on 6 November 2013
About a month ago, I watched "The Exorcist" for the first time in my life. I thought I would find it cheesy to the extent that I would laugh. However, this was not to be the case. I was on edge with fear and excitement. This is coming from someone who has witnessed their fair share of modern gore fests such as "Saw".
With the excitement I got from "The Exorcist", I decided I wanted to watch "The Omen" to see if it would live up to the same enjoyment I got from "The Exorcist". Well, I can say that it did. In a different way, though.
In my opinion, trying to compare "The Omen" to "The Exorcist" is not possible because they each excel in different areas.
I feel "The Exorcist" is more scary. It was difficult to watch at times for someone who had no idea what was coming up. What lets it down, though, is the plot. In contrast, I feel "The Omen" has a much better plot with the flow of the film being better from scene to scene. The overall package was better. What lets this film down, however, was that it was not scary. I needed to be frightened more. I want a horror movie to scare me. Isn't that what it is supposed to do?
In conclusion, I feel they were both excellent in their own right and so cannot be compared to each another. I liked both. However, I can easily see why someone would like one and hate the other. For me, though, both films get 5 stars.
If you have not seen either and want a decent plot, watch "The Omen". If you want to be scared and are not too concerned about the plot, watch "The Exorcist".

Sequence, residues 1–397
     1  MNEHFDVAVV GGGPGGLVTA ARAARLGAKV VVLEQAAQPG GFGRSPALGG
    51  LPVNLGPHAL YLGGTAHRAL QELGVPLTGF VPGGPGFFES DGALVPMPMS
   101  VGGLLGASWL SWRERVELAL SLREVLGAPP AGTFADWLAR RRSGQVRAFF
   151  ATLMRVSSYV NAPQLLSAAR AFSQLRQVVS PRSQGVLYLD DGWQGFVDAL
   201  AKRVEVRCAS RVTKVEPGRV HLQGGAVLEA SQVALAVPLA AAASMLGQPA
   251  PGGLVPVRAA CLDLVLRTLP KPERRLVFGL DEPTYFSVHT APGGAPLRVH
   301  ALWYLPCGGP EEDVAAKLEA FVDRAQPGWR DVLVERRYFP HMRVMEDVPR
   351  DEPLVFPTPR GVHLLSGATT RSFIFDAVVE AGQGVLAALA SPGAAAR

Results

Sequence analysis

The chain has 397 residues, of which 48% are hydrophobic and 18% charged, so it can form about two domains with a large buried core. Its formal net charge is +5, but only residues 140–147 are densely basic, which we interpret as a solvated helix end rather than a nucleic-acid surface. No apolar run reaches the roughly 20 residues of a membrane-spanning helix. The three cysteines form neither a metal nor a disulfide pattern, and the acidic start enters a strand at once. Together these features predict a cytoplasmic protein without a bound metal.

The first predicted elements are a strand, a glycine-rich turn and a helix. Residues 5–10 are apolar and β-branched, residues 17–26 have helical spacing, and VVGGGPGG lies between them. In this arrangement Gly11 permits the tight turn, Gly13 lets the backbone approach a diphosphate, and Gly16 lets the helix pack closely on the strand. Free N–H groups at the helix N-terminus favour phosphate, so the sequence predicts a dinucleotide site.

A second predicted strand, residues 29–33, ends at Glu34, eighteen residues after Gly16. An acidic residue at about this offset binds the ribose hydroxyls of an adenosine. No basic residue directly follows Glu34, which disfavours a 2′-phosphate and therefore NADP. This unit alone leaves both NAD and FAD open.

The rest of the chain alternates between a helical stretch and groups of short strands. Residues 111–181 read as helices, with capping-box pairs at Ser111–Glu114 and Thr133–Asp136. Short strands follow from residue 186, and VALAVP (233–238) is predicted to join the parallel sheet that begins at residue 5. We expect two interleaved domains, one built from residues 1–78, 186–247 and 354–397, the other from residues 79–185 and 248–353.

on 8 August 2014
Classic horror on Blu-ray.
You'll all know the story by now, and no doubt seen the movie multiple times. An ageless tale of good vs. evil, with some sterling performances from Gregory Peck (the role of Robert Thorn was first offered to William Holden) and Billy Whitelaw.
After Kathy Thorn loses her child during childbirth, her husband agrees to secretly swap him with another child who was also born at the 6th hour, on the sixth day of the sixth month. That little boy was to be called Damien. A series of strange events, and mysterious 'accidents' lead to the Thorn's rise to power, and place Damien on his way to the most powerful position on earth. The rest they say, is history.
Richard Donner's assured direction, Gilbert Taylor's cinematography and Jerry Goldsmith's Oscar winning score make for an atmospheric viewing experience, and while some of the effects have aged and the fashions have dated, it's still miles ahead of similar 'devil child' movies and the vastly inferior 2006 remake.
With superb picture and audio, and a vast array of special features, the Blu-ray really is the best way to own The Omen in your own home. A movie no horror movie buff should be without.
on 8 May 2007
There was a rising trend in the 1970's for excess gore and pushing the boundaries as much as possible within the horror genre. Much of what fitted into the 'video nasty' genre was, as a result, forgettable and throwaway, with the exception of perhaps 'The Texas Chainsaw Massacre' or 'The Evil Dead'.
The Omen, however, was neither a video nasty, nor a schlocky kind of hammer-esque farce. Instead, it was a reasonably intelligently written supernatural horror exploring biblical dogma which had only occasionally been touched on within the horror genre, in films such as 'Rosemary's Baby'. The Omen took gothic horror to uncharted territory.
Much of the effectiveness comes from the concept of a child being evil, which is something most people find unthinkable. Robert and Cathy Thorn, however, bring up a child who, by his fifth birthday, is already looking more and more disturbed.